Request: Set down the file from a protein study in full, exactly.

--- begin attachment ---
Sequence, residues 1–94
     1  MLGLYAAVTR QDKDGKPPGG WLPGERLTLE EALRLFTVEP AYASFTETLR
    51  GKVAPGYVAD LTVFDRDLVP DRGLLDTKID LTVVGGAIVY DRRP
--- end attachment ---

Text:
Sequence, residues 1–94
     1  MLGLYAAVTR QDKDGKPPGG WLPGERLTLE EALRLFTVEP AYASFTETLR
    51  GKVAPGYVAD LTVFDRDLVP DRGLLDTKID LTVVGGAIVY DRRP